Rye Harbour Field Trip

Ten of us met at an overcast Rye but thankfully dry. One expected with the hide tide at 3.30pm and with all the rain we had recently that the reserve would show signs of flooding but it is easy to forget that nature has a wonderful sense of healing itself and adapting to the circumstances it finds its self in, so has we approached the visitor centre there was very little water about, in some case the channel that criss cross themselves across the flood plains were dry and as a result there was a scarity of birdlife and unusual for this busy and tranquil place a lack of visitors and their dogs.

A couple of shell ducks immediately stood out their white and brown colours stood out from mainly grey birds/ducks that included a curlew, redshanks, teal, pintails, shovelers’, oyster catchers, cormorants and gadwall,. In the first hide a couple of redshanks here close by and skylarks could be heard but not seen. Upon exiting the hide some of us saw a  spoonbill fly in and take  up residence next to a little egret which is smaller in size and feeds in a totally different manner than the spoonbill which is if you have not seen one feeding is a treat. Three of the group who had marched off had to be called back to view it as you do not see them on a regular bases as most tend to leave our shores around may and very very few breed in the UK, mainly in East Anglia.

The tide was still well but the exit to the harbour entrance was closed off for maintenance work, a huge task of shoring up the reserves walls was underway a sign that recent high tides had done their damage and as most of us are aware unless something drastically changes places such as Rye Harbour and Romney marshes will have to give way to the raising sea levels.

So we ventured over the shingle to see what could be seen on the distant sands and were rewarded with views of black headed and herring gulls, many ring plovers, the odd curlew, what we though were dunlins (but too far for even the scopes to identify, oyster catchers and redshank made up the remainder of the birds on show. Sadly no seals were seen but the high tide was in fact going to be a low high tide! And they are usually seen when the sea levels are more prominent.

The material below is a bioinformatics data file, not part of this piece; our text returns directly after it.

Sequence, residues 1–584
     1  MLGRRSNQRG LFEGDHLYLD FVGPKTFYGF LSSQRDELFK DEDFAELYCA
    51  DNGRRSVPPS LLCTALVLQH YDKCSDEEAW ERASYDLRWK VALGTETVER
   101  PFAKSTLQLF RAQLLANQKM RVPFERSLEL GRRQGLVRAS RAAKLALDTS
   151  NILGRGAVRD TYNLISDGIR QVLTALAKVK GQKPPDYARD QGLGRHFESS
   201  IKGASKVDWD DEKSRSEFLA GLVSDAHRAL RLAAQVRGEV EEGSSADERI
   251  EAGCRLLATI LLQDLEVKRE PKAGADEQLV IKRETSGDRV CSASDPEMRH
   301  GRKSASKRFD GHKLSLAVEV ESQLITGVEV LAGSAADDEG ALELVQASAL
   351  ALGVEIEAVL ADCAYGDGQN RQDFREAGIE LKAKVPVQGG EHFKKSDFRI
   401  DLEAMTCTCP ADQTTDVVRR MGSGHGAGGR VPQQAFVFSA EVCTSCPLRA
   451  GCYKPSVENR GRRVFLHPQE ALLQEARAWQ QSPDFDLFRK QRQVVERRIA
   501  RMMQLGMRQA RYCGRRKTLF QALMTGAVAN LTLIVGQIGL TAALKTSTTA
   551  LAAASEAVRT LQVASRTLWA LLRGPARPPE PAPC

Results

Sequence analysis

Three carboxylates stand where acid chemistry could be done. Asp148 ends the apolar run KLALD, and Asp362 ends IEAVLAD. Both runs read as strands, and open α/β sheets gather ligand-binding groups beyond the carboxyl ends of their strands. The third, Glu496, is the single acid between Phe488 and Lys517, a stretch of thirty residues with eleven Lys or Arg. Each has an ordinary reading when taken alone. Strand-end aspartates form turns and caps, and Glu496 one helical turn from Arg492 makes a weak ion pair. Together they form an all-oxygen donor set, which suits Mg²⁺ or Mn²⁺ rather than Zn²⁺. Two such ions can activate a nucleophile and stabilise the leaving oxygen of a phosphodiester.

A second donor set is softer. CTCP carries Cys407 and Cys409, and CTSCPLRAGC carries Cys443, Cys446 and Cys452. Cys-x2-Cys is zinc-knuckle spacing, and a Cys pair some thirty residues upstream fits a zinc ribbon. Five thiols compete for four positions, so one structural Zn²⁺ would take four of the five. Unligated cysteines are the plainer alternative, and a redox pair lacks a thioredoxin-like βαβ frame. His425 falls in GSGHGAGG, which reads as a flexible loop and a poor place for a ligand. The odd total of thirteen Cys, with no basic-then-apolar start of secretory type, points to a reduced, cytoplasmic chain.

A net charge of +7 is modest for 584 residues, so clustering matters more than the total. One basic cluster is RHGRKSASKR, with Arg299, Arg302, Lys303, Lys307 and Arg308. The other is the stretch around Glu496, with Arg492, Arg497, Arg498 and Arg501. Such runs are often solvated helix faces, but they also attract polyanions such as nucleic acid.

No magic short eared owl appeared as per our last visit here (I was asked if I had ordered one and explained that might well have been a one in a lifetime event but we can only dream. In the two hides either side of the track we saw the occasional lapwing wondering where they has all gone, more pintails, shell ducks, a lot more cormorants, a single ringed plover on its own island, one wondered if it had it no friends. Skylarks could be seen on the scrapes and a marsh harrier came out of nowhere and was seen landing away from the hide. The light was not good enough to confirm it had caught its prey or not. Initially I though it was a hen harries but later investigation said not.

Some of the group continued around the back the reserve and saw a number of male and female stonechats, meadow pipits, tufted ducks which when your still full of a cold can cause the group some amusement when struggling to pronounce such normal easy words . In the last hide we saw all the skylarks who were sheltering amongst the vegetation on the scrapes and occasionally they would fly off in an alarmed manner but all the other birdlife seemed unconcerned.

We trekked about five  miles, saw approximately 36 different species and five of use had a hot drink in the visitor centre to finish off what was a lovely day and again one has to report what a lovey crowd of people we have in this group.

A footnote in that one of the volunteers’ explained that over 400 pintails were on the reserve that largest ever seen here.